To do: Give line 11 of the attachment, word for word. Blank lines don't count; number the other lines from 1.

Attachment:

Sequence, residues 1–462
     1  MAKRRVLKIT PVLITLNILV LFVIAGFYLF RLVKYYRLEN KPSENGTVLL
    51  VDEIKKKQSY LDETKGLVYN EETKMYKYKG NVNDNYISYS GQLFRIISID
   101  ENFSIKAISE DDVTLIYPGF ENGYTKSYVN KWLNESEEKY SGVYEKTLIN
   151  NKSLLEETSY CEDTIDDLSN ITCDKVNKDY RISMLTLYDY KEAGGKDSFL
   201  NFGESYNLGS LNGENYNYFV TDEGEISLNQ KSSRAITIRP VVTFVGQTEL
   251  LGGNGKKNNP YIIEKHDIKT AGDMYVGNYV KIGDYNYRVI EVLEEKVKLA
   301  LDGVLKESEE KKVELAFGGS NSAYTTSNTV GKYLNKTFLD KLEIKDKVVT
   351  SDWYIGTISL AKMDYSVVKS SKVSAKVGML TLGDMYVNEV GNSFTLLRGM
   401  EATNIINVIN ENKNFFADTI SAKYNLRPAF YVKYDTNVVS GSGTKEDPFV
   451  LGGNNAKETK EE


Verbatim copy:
   451  LGGNNAKETK EE